What if I were to tell you that taking responsibility has nothing to do with shaming or guilt tripping, what would you answer to that?

If you are like the old me, you might answer something like:

“That’s horse shit!”

“Of course taking responsibility comes with shame and guilt! How else do you expect anyone to become responsible if they do not feel wrath?”


But is it true? 



Just so we are on the same page here, I believe



means to



ACCEPTING THE RESULTS we currently have.



The CHOICES we have made, being:

-> The words we spoke

-> The actions we took

-> The words we refused to speak

-> The actions we refused to take



The RESULTS we currently have, being:

-> what we currently perceive as good, bad, or ugly in our life



When my children were little, like any good parent I guess, I wanted to teach them about taking responsibility.

Case at point…

As my young son kept leaving his socks scattered all over the house, I yelled at him and gave him the cold shoulder. One day, I lost my shit and put all his clean and dirty socks into one big bag that I hid inside my bedroom closet. With zero socks to wear the next day, that ought to teach him, right?



How many of you have ever used yelling, 

given the cold shoulder, or

taken away a privilege 

as a way to teach someone how to take responsibility?



Now let’s assume for a moment

we all agree on the definition of taking responsibility:



means to



ACCEPTING THE RESULTS we currently have.



Let’s look at the sock tragedy.


  • Did my son acknowledge the ‘bad’ choice he had made, aka leave his socks scattered all over? No, he did not. Why not?



To ACKNOWLEDGE a perceived ‘bad’ behaviour, 

one has first to be aware INSIDE THEMSELVES 

that something might need to change. 


If this is true, then either my son was unaware of his sock behaviour (clearly not the case based on my yelling alone) or his sock behaviour suited him just fine. Therefore, in his view, there might have been nothing needing change inside of him, hence the lack of acknowledgement?…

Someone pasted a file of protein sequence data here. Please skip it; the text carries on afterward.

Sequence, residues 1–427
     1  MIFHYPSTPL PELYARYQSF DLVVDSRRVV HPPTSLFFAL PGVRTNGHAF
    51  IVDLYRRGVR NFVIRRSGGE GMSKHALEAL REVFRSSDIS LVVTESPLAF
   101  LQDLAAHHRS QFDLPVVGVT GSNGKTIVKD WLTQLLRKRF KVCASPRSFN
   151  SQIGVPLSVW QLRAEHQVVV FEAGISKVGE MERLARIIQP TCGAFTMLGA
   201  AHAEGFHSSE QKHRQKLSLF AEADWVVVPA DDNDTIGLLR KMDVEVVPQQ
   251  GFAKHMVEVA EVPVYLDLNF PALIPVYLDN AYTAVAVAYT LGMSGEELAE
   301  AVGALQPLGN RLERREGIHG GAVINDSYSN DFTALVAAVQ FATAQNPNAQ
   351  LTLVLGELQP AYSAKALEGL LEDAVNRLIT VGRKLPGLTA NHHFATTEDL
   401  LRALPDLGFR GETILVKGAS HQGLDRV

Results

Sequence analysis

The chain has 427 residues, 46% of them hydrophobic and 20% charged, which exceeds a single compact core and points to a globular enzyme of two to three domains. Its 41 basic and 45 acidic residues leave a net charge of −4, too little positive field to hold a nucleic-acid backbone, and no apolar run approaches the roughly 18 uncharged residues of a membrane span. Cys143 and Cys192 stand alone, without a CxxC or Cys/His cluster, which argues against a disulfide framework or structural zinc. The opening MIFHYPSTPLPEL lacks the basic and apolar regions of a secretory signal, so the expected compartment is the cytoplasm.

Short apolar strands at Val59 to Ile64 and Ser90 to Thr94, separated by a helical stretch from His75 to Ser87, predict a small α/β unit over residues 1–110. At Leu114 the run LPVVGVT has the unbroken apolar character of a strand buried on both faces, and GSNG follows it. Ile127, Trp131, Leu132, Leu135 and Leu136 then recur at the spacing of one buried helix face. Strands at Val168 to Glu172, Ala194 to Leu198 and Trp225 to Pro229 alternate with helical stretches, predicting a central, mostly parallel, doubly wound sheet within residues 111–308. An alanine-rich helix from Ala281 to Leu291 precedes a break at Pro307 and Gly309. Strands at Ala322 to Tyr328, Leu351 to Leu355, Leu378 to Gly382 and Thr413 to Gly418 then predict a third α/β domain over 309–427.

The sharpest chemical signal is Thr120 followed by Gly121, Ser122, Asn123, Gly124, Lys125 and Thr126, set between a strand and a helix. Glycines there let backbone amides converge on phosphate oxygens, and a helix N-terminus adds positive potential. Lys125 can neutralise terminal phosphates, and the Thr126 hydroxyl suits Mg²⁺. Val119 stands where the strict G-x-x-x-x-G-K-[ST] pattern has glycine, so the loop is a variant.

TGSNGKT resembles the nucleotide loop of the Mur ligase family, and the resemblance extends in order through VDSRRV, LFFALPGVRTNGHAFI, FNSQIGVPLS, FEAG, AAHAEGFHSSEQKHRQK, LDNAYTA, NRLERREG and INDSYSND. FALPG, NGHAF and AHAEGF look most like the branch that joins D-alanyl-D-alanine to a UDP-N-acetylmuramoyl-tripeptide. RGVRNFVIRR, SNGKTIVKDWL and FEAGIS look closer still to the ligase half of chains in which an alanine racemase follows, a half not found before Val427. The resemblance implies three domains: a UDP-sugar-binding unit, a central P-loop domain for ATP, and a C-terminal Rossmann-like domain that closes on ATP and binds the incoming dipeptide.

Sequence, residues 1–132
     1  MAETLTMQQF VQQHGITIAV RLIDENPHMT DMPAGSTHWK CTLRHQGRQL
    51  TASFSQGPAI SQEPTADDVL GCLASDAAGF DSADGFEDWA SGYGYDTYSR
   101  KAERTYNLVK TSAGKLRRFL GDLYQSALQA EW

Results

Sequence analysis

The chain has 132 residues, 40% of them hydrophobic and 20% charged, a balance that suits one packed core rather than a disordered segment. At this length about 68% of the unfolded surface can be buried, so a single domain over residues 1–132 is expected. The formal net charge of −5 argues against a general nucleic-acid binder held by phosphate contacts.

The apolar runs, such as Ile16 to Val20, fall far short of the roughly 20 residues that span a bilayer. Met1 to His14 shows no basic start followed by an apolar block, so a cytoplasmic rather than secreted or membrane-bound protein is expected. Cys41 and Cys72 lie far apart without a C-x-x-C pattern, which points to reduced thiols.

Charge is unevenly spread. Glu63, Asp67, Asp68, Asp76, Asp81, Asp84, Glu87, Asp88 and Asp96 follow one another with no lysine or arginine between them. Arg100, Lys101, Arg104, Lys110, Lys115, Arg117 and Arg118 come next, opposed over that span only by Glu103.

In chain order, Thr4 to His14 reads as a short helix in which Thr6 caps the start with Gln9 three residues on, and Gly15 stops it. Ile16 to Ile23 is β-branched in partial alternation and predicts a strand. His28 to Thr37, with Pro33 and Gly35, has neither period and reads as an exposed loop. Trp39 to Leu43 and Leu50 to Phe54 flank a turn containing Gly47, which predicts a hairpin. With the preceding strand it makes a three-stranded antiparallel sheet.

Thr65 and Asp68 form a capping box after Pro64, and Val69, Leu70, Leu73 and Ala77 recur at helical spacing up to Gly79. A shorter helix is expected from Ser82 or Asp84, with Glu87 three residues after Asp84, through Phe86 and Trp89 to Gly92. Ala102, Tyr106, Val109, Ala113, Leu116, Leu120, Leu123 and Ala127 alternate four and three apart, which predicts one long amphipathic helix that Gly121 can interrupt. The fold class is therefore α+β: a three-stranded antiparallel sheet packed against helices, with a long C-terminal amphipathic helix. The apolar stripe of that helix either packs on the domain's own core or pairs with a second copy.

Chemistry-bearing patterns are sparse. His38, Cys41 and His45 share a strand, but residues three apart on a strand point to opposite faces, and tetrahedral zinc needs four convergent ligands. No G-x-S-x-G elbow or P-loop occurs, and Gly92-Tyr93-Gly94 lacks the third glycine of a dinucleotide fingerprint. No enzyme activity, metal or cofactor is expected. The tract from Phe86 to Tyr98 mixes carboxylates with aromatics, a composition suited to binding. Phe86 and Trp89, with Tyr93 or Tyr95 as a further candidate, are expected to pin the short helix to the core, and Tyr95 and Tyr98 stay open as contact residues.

• Did my son accept the results he currently had, aka, have all his socks hidden in my closet? No, he did not have to. Why not?




one has to first acknowledge

they have played a role in said result.



Let me remind you here…

Who yelled? Me.

Who gave the cold shoulder? Me.

Who hid the socks? Me. 

Soooo, if I did not teach my son how to take responsibility, what is it exactly I have taught him?


  • Tuning out. From me, he has learned how to disconnect, ignore, dismiss. Sounds harsh? How many of you tune out when someone is yelling at you?

  • Becoming invisible. From me, he has learned to soothe and please in order to appease irregardless of his feelings and emotions. Sounds terrible? How many of you walk on eggs when given the cold shoulder?

  • Dismiss own needs. From me, he has learned to forego his own needs, tell himself he does not care for much (I took all his socks!!!). Sounds horrifying? How many of you have ever felt less than after you lost a privilege?


In light of what I have just shared with you, how can anyone take responsibility when they are tuning out, becoming invisible, and dismissing their own needs? 

Where is the integrity? 

The love of self? 

The self-worth? 

I believe the integrity, self-love, and self-worth are being stripped away with yelling, cold shoulder, and privileges removal.


I have personally found out that,


To take responsibility, one needs integrity.


To take responsibility, one needs self-love.


To take responsibility, one needs self-worth.


So, how do we take responsibility? 


We take responsibility by becoming self-aware of who we are and what we need while at the same time aligning our self to what we say, think and do. Only then can we develop the integrity to acknowledge and accept all the choices we have made.


My name is Anne Beaulieu and I am an Emotional Intelligence Coach who assists her clients in taking full responsibility for the choices they have made in their life. You can reach me at anne@walkinginside.com


With love & compassion,